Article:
The latest wild swings in the Tesla news fueled by New Jersey’s infamous closing of its doors on allowing the company to sell directly, has had greater repercussions than anticipated. Our original $5B Gigafactory and how Tesla will disrupt more than carmakers article, written on March 4th on how disruptive its Gigafactory will be, has gained a lot of traction. Since then, the investment world seems to take Tesla Motors a little more seriously, even the articles on Seeking Alpha are becoming favorable to the company. We are happy to see the specialized press also acknowledging the potential Tesla is, not just as a cheerleader for electric cars, with GreenCarReports writing about how much more than a carmaker the company is. And yes, Panasonic is not the only battery maker wondering where this whole Gigafactory is going and what it means to their business model. I wrote a similar article on CarNewsCafe.
Tesla Motors is.. a lifestyle statement!
Tesla Motors really boils down to two fundamental trends. It is part of the answer many want to see, a different future than the one presented by most companies and what mainstream carmakers are satisfied with. It’s also about one entrepreneur’s vision of wanting a fun electric car to drive, Elon Musk. Doing only what an entrepreneur does best with a startup, it begins with a clean slate. It is extremely nimble and capable of tackling far greater changes than an established company. Tesla Motors has never been, will never be and can never be defined as a carmaker. It is much more than that with Superchargers, soon a battery factory, an indirect solar energy company, and much more. This is what traditional carmakers and investors were having a hard time understanding, the whole picture and how out of the box the Tesla business model is.
If we are blessed and cursed with ADD and always wanting more, this can be a great fuel for innovations, but it can also frighten companies focused on keeping a steady cash flow. Startups need to continuously innovate and at some point, they too become established companies, see Apple and Google, for example. Certain established companies rekindled their original drive and unique DNA, such as IBM going back to consulting, dropping manufacturing out of the equation. That is the only way for a startup to survive in the long run, leaving the rest to linger.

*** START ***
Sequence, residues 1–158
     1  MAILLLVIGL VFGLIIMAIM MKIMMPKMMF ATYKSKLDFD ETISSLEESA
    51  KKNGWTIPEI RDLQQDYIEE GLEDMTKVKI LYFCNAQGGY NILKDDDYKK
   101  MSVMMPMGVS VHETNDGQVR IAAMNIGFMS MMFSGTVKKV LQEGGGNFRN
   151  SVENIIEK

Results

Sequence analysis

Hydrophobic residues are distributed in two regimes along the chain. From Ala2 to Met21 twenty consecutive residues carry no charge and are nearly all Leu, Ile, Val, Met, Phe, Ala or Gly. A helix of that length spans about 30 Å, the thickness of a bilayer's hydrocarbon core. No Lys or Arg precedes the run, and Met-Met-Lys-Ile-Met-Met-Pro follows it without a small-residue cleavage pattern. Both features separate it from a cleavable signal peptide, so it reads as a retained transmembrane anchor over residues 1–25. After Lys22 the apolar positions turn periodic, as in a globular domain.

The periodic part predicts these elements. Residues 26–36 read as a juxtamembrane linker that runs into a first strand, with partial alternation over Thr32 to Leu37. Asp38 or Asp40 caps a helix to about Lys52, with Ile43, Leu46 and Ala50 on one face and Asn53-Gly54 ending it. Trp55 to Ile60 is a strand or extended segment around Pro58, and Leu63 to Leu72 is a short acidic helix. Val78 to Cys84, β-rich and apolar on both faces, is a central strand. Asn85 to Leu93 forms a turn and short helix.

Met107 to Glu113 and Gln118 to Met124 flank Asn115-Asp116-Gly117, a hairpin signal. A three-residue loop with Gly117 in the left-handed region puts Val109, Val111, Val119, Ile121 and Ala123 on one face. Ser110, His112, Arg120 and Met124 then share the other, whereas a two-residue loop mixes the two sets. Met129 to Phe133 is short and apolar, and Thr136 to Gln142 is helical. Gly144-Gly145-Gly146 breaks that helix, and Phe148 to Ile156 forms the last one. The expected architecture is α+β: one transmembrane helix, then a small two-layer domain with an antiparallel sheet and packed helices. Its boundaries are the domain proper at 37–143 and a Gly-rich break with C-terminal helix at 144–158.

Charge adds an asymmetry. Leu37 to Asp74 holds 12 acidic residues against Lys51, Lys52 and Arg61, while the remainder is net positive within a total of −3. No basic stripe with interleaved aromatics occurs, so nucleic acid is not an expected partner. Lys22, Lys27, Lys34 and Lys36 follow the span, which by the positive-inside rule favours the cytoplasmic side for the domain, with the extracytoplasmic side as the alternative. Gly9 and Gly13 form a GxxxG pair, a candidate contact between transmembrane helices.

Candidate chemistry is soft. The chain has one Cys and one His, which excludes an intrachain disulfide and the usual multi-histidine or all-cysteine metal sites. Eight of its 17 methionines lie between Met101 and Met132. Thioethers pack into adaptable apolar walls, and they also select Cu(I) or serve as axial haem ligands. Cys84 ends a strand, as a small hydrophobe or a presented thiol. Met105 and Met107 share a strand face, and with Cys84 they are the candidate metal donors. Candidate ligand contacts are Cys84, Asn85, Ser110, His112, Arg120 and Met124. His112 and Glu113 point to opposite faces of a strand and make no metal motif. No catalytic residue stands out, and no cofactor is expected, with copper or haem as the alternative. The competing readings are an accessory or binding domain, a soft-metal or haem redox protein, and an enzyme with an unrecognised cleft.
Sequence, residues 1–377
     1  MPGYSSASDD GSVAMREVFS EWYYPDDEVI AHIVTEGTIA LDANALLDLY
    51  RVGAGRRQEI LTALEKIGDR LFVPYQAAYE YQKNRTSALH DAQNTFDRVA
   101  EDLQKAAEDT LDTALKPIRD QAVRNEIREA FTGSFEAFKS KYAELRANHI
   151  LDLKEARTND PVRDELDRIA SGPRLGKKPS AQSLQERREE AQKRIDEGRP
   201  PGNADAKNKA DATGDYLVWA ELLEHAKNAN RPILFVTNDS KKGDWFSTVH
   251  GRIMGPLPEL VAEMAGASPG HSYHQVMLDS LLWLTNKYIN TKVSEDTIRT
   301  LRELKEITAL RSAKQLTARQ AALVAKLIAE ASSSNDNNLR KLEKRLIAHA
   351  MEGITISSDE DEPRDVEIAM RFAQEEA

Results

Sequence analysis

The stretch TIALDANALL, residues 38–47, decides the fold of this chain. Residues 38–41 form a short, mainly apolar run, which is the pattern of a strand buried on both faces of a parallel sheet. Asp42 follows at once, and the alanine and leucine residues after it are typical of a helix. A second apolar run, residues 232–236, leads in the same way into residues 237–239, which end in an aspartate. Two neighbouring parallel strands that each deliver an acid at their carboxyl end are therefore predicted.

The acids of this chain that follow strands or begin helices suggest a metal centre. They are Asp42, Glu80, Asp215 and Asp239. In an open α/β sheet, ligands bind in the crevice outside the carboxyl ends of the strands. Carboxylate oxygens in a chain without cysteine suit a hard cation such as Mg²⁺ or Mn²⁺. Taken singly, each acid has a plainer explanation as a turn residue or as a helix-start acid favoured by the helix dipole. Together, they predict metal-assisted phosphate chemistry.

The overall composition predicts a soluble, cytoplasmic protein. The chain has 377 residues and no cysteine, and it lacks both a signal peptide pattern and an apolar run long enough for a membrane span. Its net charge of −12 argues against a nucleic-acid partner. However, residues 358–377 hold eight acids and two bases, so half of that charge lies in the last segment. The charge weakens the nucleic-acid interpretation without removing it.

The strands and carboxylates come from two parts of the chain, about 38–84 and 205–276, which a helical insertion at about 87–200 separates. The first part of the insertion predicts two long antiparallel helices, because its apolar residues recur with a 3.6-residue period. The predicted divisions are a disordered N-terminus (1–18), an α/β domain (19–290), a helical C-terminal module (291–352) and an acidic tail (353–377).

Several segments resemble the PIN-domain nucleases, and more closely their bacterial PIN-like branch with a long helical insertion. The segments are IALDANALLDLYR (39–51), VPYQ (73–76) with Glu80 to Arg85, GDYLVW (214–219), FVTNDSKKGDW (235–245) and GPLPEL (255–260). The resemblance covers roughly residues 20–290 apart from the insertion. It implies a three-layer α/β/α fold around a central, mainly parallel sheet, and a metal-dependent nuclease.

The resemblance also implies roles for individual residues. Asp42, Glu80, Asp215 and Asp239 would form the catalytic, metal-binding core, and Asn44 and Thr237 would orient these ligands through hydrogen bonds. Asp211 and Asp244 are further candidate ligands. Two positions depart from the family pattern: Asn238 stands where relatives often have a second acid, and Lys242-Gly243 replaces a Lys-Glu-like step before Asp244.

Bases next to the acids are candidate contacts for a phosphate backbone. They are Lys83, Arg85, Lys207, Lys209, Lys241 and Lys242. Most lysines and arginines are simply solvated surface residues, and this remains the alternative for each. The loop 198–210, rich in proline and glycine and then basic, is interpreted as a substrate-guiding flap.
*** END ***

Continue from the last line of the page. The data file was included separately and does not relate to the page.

Tesla will continue to innovate, as long as it keeps focusing on what matters. What matters is what we all want, a change, a real change away from the mundane. Tesla answers this and will continue to disrupt more than carmakers, as we noted in our March 4th article.
Solar City and the challenges it faces
Solar City is one of the outlets where Tesla Motors can surprise us the next few years. The company made solar panels a household name, but it faces the entrepreneur’s dilemma, how to go forward and continue innovating.
Solar City is good at one thing, leasing photovoltaic (PV) panels with a promise to cut your electric bill by at least $25. Since then, it has done little more than that. Today, Solar City virtually sits on most rooftops, making it one of the biggest energy maker in the U.S. It will need to move beyond the leasing model, which really isn’t that economical for the long term. Solar City, through Elon Musk’s vision should be where the next Tesla Motors saga will reveal its next strategic move. The Gigafactory will use solar energy and should indirectly motivate Solar City to move beyond simply leasing. It could morph into an energy management company. This is what happened to Coulomb Technology as it spun off its manufacturing process to ChargePoint and got into the management aspects of the business, much like IBM. Solar City is the last company Elon Musk hasn’t reworked yet. It is fully poised to reap the benefits of its energy management before the government runs out of patience with it. With the Superchargers in place, this juggernaut has a complete portfolio for energy management.
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